Tonga’s Microarchitecture - What We’re Calling GCN 1.2

As we alluded to in our introduction, Tonga brings with it the next revision of AMD’s GCN architecture. This is the second such revision to the architecture, the last revision (GCN 1.1) being rolled out in March of 2013 with the launch of the Bonaire based Radeon HD 7790. In the case of Bonaire AMD chose to kept the details of GCN 1.1 close to them, only finally going in-depth for the launch of the high-end Hawaii GPU later in the year. The launch of GCN 1.2 on the other hand is going to see AMD meeting enthusiasts half-way: we aren’t getting Hawaii level details on the architectural changes, but we are getting an itemized list of the new features (or at least features AMD is willing to talk about) along with a short description of what each feature does. Consequently Tonga may be a lateral product from a performance standpoint, but it is going to be very important to AMD’s future.

But before we begin, we do want to quickly remind everyone that the GCN 1.2 name, like GCN 1.1 before it, is unofficial. AMD does not publicly name these microarchitectures outside of development, preferring to instead treat the entire Radeon 200 series as relatively homogenous and calling out feature differences where it makes sense. In lieu of an official name and based on the iterative nature of these enhancements, we’re going to use GCN 1.2 to summarize the feature set.

AMD's 2012 APU Feature Roadmap. AKA: A Brief Guide To GCN

To kick things off we’ll pull old this old chestnut one last time: AMD’s HSA feature roadmap from their 2012 financial analysts’ day. Given HSA’s tight dependence on GPUs, this roadmap has offered a useful high level overview of some of the features each successive generation of AMD GPU architectures will bring with it, and with the launch of the GCN 1.2 architecture we have finally reached what we believe is the last step in AMD’s roadmap: System Integration.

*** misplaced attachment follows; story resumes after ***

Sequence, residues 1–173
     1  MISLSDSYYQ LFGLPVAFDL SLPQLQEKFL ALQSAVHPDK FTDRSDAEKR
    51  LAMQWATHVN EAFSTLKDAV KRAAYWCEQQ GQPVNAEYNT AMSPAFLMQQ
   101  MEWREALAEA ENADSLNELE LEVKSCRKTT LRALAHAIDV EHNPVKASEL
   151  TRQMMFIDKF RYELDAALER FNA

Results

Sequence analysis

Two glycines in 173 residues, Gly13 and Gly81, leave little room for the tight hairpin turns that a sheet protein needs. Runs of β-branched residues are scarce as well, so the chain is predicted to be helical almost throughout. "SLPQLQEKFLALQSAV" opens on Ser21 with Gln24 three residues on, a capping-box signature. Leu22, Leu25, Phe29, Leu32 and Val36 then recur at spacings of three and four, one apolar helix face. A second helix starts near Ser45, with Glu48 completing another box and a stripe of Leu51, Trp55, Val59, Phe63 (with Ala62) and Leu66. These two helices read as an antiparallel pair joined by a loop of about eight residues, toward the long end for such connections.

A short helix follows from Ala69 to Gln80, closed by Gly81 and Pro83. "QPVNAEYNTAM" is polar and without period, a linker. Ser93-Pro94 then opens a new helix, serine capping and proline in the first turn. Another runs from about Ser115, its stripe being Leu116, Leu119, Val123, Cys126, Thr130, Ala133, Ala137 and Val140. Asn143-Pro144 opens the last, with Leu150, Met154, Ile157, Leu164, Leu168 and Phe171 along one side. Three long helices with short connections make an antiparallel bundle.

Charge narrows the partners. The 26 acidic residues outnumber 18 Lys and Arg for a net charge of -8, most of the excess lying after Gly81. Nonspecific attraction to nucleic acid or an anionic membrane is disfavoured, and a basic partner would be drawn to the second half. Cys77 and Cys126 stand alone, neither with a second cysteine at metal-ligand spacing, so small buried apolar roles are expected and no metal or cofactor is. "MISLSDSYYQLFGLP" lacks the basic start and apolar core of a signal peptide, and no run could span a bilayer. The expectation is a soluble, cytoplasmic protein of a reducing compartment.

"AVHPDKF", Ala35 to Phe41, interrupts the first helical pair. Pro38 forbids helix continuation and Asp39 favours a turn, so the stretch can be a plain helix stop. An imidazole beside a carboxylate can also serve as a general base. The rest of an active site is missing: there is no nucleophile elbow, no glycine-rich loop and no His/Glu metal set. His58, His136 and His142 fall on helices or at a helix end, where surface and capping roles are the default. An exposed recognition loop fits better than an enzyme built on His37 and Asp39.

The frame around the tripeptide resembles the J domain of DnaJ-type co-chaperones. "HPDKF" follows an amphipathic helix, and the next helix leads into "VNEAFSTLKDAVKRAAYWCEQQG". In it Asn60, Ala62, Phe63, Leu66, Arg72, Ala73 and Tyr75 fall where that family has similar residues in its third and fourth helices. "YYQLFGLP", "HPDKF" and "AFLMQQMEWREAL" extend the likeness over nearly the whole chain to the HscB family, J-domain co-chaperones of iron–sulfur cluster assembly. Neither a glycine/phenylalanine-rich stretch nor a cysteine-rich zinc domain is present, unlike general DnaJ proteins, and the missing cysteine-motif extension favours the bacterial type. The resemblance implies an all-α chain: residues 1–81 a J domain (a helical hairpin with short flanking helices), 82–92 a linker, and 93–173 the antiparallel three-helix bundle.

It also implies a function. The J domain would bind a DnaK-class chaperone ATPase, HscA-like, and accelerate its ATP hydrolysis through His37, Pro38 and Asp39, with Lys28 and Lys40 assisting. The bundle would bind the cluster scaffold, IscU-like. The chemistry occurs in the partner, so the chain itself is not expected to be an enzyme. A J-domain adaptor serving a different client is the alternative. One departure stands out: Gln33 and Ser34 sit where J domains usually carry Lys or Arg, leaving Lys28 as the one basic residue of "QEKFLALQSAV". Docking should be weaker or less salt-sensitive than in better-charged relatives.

It’s no surprise then that one of the first things we find on AMD’s list of features for the GCN 1.2 instruction set is “improved compute task scheduling”. One of AMD’s major goals for their post-Kavari APU was to improve the performance of HSA by various forms of overhead reduction, including faster context switching (something GPUs have always been poor at) and even GPU pre-emption. All of this would fit under the umbrella of “improved compute task scheduling” in AMD’s roadmap, though to be clear with AMD meeting us half-way on the architecture side means that they aren’t getting this detailed this soon.